Routine visits to the doctor’s office typically involve a single blood pressure measurement. For people with borderline hypertension, or high blood pressure, additional checks at the office are often necessary, in conjunction with having more checks done at home. How many exactly?
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Hypertension, otherwise known as high blood pressure, is widespread in the United States. It is approximated that one in every three adults in the United States suffers from high blood pressure, and for adults aged 65 or older, this number climbs to over 60 percent.
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Worldwide headlines read: “Aspirin no longer useful for stroke and heart attack prevention”
Source of this buzz was the new guidelines issued from a joint American College of Cardiology and American Heart Association (ACC/AHA) guideline published in early March, 2019. The new guideline is meant solely for primary prevention. Anyone with known clinically significant atherosclerotic vascular disease (ASCVD) is excluded from this guideline as their care is categorized as “secondary prevention”. One may suppose that the only topic in the guideline was aspirin use for the primary prevention of heart attack and stroke. In fact, the recommendations involved other key topics that are summed up here in text and pictures. But first, let’s discuss aspirin.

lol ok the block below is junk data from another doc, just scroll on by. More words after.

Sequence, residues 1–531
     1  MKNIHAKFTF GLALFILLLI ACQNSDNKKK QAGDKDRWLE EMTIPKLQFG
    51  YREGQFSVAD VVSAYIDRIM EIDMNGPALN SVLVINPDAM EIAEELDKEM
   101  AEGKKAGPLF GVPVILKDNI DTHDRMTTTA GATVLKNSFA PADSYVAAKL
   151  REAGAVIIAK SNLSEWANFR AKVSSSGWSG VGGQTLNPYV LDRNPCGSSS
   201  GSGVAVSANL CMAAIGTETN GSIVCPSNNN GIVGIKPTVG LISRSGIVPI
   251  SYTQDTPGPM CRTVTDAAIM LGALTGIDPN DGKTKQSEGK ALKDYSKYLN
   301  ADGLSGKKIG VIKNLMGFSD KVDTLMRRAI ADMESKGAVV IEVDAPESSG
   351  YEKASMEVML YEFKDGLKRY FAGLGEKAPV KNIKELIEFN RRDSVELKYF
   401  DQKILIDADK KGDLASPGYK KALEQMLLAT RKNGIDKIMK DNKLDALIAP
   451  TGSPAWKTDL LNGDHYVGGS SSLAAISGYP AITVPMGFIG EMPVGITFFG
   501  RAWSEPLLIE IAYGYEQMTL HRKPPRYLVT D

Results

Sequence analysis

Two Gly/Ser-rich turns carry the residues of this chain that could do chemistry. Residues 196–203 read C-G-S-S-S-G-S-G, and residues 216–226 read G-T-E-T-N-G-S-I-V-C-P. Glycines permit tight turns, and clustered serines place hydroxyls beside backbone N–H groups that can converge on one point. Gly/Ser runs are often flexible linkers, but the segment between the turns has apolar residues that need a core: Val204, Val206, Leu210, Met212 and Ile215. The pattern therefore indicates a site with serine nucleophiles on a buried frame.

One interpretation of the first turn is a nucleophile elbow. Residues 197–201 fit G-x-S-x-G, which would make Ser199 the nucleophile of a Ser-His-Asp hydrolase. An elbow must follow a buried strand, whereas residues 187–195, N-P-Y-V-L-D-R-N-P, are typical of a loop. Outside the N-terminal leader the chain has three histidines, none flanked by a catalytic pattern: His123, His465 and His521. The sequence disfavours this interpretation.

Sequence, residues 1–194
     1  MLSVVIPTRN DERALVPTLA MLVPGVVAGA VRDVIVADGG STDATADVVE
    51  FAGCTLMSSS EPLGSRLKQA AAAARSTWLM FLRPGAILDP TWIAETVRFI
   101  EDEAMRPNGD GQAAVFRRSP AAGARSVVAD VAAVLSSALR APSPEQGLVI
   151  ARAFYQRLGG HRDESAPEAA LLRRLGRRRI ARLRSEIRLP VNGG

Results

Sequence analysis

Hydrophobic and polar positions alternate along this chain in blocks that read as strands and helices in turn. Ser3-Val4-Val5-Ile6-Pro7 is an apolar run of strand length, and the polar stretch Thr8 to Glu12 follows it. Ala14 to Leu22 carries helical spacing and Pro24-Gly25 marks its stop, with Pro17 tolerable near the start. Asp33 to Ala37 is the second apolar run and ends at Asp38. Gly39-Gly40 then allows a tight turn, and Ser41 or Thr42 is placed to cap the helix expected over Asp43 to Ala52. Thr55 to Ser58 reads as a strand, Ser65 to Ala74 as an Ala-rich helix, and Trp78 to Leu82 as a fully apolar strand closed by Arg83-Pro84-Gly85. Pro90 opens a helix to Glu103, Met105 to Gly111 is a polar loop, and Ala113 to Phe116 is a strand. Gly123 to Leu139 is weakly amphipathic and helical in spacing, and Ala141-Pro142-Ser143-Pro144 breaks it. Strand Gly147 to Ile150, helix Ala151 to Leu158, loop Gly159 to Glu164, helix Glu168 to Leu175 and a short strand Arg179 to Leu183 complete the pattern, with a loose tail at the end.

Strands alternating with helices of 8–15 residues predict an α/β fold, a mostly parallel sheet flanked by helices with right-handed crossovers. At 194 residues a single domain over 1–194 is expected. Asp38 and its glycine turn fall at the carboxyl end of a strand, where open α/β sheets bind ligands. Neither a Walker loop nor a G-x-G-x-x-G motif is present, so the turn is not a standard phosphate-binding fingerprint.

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This just in, the Heart Disease and Stroke Statistics 2019 update from the American Heart Association reveals that:
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February is for lovers. February also reminds us to take care of our heart; it is American Heart Month.
The annual celebration started in 1963 to encourage Americans to join the battle against heart disease. A presidential proclamation pays tribute every year to researchers, physicians, public health professionals and volunteers for their tireless efforts in preventing, treating and researching heart disease, which is the leading cause of death for both men and women within the U.S.
Hospitals and health systems around the country celebrate American Heart Month by consigning to raise awareness in their communities regarding heart disease. Employees wear red and volunteers knit or crochet pint-size red hats for newborns. They hold free screenings and heart health awareness events.
It’s an excellent time to commit to a healthy life style and make small changes that may result in a lifetime of heart health. If you’re not doing so already, become involved in American Heart Month. Get involved and spread the word about strategies for preventing heart disease and living heart healthy lives!